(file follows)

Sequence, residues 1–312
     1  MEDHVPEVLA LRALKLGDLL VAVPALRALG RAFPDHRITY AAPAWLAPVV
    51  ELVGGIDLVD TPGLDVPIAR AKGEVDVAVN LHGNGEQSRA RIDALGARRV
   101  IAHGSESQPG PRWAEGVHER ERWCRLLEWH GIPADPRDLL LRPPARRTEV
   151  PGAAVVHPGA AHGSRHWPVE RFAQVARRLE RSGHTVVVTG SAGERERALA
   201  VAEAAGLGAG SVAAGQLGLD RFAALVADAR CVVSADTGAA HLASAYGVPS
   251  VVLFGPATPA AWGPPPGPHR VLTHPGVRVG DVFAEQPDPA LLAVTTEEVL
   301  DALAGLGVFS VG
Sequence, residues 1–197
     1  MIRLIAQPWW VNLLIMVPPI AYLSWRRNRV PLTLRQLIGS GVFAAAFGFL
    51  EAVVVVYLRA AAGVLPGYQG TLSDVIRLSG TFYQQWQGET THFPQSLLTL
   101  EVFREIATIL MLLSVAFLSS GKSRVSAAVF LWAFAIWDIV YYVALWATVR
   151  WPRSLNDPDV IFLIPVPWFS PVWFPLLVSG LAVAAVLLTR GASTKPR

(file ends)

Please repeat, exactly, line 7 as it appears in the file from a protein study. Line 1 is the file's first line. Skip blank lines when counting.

   251  VVLFGPATPA AWGPPPGPHR VLTHPGVRVG DVFAEQPDPA LLAVTTEEVL